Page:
Born and raised in Barnesboro, Pennsylvania, Jennifer Haigh is a graduate of Dickinson College and the Iowa Writers' Workshop.
When her first novel, Mrs. Kimble was released, the Washington Post raved, "It's a clever premise, backed up by three remarkably well-limned Mrs. Kimbles, each of whom comes tantalizingly alive thanks to the author's considerable gift for conjuring up a character with the tiniest of details." Her debut went on to win the PEN/Hemingway Award for outstanding first fiction, and comparisons to John Updike and Annie Proulx established her as a writer to watch. Now, with the release of Baker Towers, Haigh proves her talent once again with a story that recreates an era in America's industrial past, and the lives of the people who lived it.
Haigh's short stories have appeared in Good Housekeeping, the Hartford Courant, Alaska Quarterly Review, Virginia Quarterly Review, and elsewhere. She lives on Boston's South Shore.
Author biography courtesy of William Morrow * Company, Inc.
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In our interview with Haigh, she shared some fun facts about herself:
"All my life I've fantasized about being invisible. I love the idea of watching people when they don't know they're being observed. Novelists get to do that all the time!"
"When I was a child, I told my mother I wanted to grow up to be a genie, a gas station attendant, or a writer. I hope I made the right choice."
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In the spring of 2003, Jennifer Haigh took some time out to answer our questions.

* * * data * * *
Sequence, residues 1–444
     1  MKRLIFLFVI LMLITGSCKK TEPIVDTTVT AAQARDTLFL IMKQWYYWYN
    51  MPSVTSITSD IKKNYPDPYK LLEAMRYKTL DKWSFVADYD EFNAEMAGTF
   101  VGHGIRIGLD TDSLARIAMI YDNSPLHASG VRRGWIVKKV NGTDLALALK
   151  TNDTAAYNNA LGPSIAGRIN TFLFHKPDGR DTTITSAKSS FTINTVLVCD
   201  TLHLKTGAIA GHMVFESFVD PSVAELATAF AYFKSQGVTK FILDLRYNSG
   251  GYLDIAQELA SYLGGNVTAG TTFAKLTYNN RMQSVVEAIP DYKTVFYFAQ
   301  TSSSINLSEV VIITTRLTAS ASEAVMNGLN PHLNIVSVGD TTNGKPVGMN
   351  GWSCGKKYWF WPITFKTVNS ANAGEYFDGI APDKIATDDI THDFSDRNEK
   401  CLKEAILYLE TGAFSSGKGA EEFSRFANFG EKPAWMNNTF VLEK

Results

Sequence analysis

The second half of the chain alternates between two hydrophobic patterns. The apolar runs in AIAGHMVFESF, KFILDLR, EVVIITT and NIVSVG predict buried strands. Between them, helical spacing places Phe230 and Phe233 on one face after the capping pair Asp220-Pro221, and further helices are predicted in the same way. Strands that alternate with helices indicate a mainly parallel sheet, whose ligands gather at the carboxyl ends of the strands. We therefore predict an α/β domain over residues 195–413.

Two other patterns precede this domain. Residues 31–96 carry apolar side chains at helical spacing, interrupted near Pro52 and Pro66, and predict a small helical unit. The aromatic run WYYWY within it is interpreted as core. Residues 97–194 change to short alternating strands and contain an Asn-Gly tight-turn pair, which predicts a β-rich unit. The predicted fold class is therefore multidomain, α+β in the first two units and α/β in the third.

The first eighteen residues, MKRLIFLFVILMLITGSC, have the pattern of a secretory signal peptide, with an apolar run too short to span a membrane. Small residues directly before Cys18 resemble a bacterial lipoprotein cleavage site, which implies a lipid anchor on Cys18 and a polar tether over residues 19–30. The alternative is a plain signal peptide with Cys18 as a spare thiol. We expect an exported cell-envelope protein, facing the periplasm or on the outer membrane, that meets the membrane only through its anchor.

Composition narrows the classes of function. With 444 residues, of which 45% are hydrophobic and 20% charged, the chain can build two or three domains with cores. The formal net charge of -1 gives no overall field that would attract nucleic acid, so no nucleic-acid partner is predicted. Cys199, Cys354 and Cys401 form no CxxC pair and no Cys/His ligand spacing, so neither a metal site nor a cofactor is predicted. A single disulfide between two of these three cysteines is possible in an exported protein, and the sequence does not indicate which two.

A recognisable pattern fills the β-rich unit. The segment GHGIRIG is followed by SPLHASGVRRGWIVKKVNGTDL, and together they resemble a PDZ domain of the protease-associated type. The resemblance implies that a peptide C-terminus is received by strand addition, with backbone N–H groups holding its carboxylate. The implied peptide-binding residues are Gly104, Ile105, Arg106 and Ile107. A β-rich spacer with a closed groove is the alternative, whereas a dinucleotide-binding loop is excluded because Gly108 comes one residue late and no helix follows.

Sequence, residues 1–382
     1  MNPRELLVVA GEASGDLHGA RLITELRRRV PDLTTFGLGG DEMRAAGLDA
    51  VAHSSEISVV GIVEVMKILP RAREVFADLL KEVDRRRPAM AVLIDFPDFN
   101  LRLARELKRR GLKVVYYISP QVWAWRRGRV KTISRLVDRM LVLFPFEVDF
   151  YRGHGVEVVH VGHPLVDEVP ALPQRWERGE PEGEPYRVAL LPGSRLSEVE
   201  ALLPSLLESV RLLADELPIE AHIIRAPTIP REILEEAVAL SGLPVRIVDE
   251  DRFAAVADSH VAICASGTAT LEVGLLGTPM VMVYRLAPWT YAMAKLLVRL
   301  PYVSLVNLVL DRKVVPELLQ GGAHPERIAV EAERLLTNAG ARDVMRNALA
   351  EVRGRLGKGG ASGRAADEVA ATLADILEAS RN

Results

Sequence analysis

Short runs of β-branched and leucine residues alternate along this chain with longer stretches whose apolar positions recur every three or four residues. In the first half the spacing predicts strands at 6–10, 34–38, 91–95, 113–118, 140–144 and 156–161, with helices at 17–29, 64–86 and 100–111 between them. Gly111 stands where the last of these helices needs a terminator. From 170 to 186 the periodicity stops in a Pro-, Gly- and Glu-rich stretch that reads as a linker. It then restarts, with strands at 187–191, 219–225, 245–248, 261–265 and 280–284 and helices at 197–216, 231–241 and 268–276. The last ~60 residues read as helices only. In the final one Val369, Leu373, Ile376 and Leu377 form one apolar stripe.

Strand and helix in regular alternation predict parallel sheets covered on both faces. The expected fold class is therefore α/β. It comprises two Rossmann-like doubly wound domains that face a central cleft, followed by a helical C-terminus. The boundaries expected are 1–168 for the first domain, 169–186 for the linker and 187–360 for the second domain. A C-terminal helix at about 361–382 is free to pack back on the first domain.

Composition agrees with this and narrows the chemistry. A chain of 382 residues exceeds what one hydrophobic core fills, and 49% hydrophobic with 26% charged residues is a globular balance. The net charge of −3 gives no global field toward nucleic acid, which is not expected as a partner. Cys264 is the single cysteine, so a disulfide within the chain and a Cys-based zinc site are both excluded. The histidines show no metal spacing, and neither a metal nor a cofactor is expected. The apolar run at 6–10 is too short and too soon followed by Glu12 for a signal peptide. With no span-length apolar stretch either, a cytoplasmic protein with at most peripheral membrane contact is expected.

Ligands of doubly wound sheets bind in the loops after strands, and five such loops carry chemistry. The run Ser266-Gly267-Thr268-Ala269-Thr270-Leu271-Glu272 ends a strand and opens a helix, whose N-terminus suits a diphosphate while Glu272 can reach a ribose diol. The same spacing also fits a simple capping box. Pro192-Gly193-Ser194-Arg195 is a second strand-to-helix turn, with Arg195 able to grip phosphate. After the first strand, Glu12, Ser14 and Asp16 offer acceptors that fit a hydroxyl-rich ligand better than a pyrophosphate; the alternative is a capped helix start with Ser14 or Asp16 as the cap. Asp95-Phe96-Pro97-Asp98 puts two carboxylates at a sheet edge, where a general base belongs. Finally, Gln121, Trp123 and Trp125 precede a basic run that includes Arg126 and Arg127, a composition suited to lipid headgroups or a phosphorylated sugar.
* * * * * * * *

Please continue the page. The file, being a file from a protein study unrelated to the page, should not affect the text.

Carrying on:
What was the book that most influenced your life -- and why?
Light Years by James Salter. Probably the most honest book ever written about men and women -- sad, gorgeous, unflinching.
What are some of your all-time favorite books -- and why?The collected stories of William Trevor and the collected stories of John Cheever. Both of these writers have created short stories as full and compelling as complete novels -- stories that distill the meaning of an entire life into a few pages.
Lie Down in Darkness by William Styron. The quintessential family saga, stunning in its psychological insight, the loneliness of its prose.
Charming Billy by Alice McDermott. Another great family story -- it's tender without being maudlin, heartbreaking without resorting to theatrics. A quiet jewel of a book.
Anything danceable. Afro-Cuban is a current favorite.
If you had a book club, what would it be reading, and why?
The Family Markowitz, by Allegra Goodman. Anybody who belongs to a family will laugh out loud at this book. It's witty, perceptive, touching, and wise.
What are your favorite books to give -- and get -- as gifts?
Cookbooks! I keep a stack of them by my bed. They're wonderful bedtime reading.
Who are your favorite writers, and what makes their writing special?
James Salter and Vladimir Nabokov. For a writer, reading them is like taking vitamins.
What are you working on now?
A new novel set in the 1950s. Like Mrs. Kimble it is an intimate novel, a book about the ways people behave when they think no one is looking.
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